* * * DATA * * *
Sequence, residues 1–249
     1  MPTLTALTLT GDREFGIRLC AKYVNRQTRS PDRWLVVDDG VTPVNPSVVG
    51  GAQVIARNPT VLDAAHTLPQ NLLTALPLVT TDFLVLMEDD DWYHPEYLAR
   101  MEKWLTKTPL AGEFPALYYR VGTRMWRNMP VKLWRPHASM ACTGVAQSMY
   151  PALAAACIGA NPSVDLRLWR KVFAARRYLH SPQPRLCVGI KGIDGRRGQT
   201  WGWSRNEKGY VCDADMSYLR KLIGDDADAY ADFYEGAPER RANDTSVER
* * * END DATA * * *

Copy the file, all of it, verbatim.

Sequence, residues 1–249
     1  MPTLTALTLT GDREFGIRLC AKYVNRQTRS PDRWLVVDDG VTPVNPSVVG
    51  GAQVIARNPT VLDAAHTLPQ NLLTALPLVT TDFLVLMEDD DWYHPEYLAR
   101  MEKWLTKTPL AGEFPALYYR VGTRMWRNMP VKLWRPHASM ACTGVAQSMY
   151  PALAAACIGA NPSVDLRLWR KVFAARRYLH SPQPRLCVGI KGIDGRRGQT
   201  WGWSRNEKGY VCDADMSYLR KLIGDDADAY ADFYEGAPER RANDTSVER